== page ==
Changes in an individual's health such as a newly diagnosed complication may have a psychological impact. Patients may experience depression and other psycho-social challenges as a result of changes in their health status, treatment, frequent visits to the physician's office, and fear of the unknown that may accompany a diagnosis of atrial fibrillation.

Management[edit | edit source]


Treatment strategy in recently diagnosed cases of atrial fibrillation includes identification and solution of reversible risk factors with anticoagulation therapy followed by beta-blockers.[10]

Non-pharmacological therapy includes ablation therapy, a hospital procedure which inactivates small areas of tissue in the heart responsible for the abnormal electrical signals associated with AF. Pacemaker placement is considered in severe causes resulting in heart failure in atrial fibrillation[1].

People with prolonged or severe AF may undergo cardioversion. Pharmacological cardioversion uses medicines to achieve the same purpose. After cardioversion, long-term medicines are often prescribed to help prevent AF from reoccurring[2].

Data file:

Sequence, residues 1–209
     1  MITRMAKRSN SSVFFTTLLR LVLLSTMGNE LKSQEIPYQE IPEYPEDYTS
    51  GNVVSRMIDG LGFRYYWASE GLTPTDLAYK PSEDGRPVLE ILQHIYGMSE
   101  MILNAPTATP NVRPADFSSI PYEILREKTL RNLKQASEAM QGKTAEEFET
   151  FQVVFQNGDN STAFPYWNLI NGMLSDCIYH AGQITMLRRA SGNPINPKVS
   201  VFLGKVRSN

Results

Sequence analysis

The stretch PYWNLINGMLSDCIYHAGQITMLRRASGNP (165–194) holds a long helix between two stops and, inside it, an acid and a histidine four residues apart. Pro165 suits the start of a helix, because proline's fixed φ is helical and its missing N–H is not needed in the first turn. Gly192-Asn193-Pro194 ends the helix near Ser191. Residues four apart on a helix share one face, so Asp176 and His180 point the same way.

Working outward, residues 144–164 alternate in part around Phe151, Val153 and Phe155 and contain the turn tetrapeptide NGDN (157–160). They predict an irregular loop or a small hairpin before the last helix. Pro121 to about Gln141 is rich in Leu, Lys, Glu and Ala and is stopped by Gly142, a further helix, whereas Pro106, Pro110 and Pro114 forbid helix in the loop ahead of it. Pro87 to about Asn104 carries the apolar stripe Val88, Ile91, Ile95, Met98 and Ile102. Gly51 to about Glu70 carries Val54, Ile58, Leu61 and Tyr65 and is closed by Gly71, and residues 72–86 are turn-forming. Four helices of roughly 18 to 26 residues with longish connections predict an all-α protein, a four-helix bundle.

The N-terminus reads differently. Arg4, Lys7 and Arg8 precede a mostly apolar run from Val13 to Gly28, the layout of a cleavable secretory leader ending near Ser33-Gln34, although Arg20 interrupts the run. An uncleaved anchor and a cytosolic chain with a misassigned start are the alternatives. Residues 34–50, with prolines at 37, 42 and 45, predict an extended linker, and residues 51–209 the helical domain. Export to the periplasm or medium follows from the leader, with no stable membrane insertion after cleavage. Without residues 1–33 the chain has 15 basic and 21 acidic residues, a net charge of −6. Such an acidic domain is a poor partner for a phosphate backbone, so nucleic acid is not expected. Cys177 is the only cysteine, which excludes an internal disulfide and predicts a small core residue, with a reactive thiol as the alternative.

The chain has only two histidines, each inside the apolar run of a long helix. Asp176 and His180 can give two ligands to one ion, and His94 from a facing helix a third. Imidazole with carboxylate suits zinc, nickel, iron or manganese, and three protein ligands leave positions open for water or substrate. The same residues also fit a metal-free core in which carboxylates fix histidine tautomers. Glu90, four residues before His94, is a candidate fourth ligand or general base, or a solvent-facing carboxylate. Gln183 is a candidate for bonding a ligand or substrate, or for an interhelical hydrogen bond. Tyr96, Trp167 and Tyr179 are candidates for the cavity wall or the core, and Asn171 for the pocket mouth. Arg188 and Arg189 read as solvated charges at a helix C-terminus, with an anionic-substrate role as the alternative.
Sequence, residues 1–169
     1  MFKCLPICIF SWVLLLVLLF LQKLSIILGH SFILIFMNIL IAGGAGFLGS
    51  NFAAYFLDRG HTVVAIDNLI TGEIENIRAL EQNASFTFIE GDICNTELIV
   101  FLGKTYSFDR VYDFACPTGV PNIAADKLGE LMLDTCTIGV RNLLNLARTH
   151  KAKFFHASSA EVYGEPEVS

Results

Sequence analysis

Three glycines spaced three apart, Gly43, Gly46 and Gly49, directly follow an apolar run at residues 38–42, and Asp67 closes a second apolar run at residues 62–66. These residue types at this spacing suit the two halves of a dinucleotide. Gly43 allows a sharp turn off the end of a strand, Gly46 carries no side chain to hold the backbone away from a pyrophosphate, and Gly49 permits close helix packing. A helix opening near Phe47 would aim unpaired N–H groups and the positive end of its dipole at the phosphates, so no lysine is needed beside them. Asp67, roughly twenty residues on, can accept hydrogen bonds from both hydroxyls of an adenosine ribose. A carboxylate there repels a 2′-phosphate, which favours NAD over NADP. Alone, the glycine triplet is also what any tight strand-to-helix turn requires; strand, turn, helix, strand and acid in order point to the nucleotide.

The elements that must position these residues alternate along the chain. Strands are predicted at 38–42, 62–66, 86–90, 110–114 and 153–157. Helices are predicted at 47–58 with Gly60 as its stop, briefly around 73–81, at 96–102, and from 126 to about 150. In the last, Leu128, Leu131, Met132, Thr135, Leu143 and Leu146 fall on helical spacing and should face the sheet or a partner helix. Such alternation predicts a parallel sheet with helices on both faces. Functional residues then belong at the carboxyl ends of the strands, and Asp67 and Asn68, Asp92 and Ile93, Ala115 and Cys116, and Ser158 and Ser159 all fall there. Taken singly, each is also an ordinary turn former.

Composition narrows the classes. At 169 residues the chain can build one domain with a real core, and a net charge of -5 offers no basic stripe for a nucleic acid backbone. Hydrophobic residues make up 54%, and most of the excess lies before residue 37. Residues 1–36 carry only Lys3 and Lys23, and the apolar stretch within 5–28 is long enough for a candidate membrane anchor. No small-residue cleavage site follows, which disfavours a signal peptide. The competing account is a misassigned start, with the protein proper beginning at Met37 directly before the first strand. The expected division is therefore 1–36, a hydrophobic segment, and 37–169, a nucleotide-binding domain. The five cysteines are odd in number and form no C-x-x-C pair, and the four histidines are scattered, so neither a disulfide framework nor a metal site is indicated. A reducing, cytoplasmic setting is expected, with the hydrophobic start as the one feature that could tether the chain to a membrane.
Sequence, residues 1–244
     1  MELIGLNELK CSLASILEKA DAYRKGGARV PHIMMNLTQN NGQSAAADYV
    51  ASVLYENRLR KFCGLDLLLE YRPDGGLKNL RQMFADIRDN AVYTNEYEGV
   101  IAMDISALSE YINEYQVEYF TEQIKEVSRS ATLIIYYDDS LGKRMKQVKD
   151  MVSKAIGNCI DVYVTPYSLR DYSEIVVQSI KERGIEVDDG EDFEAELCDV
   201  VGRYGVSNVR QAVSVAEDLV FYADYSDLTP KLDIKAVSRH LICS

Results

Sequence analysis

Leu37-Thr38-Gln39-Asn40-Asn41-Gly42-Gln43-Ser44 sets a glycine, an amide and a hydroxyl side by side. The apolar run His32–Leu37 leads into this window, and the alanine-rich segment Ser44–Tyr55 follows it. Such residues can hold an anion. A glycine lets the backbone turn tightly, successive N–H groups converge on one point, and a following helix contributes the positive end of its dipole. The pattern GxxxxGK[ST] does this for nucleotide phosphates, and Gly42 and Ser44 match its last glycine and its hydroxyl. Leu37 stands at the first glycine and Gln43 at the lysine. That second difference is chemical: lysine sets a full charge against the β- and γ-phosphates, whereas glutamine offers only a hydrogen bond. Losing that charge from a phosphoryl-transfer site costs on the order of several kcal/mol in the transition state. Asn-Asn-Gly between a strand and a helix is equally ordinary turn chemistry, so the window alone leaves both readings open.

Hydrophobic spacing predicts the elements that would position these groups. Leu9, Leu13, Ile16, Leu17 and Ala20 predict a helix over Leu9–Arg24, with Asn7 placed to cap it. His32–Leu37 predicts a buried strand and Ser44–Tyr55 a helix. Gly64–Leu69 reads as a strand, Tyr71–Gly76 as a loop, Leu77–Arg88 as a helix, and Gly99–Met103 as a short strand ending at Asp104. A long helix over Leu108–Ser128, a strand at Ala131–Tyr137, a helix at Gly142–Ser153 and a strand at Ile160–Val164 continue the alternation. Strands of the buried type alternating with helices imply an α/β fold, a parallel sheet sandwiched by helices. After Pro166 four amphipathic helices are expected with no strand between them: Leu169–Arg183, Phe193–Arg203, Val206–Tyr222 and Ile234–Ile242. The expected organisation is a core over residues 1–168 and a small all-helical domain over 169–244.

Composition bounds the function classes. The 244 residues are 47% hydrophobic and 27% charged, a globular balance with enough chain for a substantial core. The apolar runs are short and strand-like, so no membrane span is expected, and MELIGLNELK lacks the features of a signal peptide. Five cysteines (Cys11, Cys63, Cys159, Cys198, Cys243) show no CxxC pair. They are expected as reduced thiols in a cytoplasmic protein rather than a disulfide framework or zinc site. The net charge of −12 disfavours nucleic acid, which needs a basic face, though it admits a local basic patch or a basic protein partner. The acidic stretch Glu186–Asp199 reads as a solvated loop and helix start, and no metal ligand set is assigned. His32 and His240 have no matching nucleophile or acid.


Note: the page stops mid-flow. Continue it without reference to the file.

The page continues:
Physical Therapy Management[edit | edit source]

There is limited research on the effect of traditional physical therapy and Atrial Fibrillation. 
There is also conflicting information on the use of exercise to reduce the risk of AF.  Since obesity is an important risk factor, management of weight through exercise and education is a crucial, proactive measure that may reduce the incidence of AF. However, there is conflicting evidence in regard to the optimal prescription of exercise. 

Case Reports[edit | edit source]

Ezekowitz MD, Aikens TH, Nagarakanti R, Shapiro T. Atrial fibrillation: outpatient presentation and management. Circulation. 2011; 124: 95–99. Available from: American Heart Association.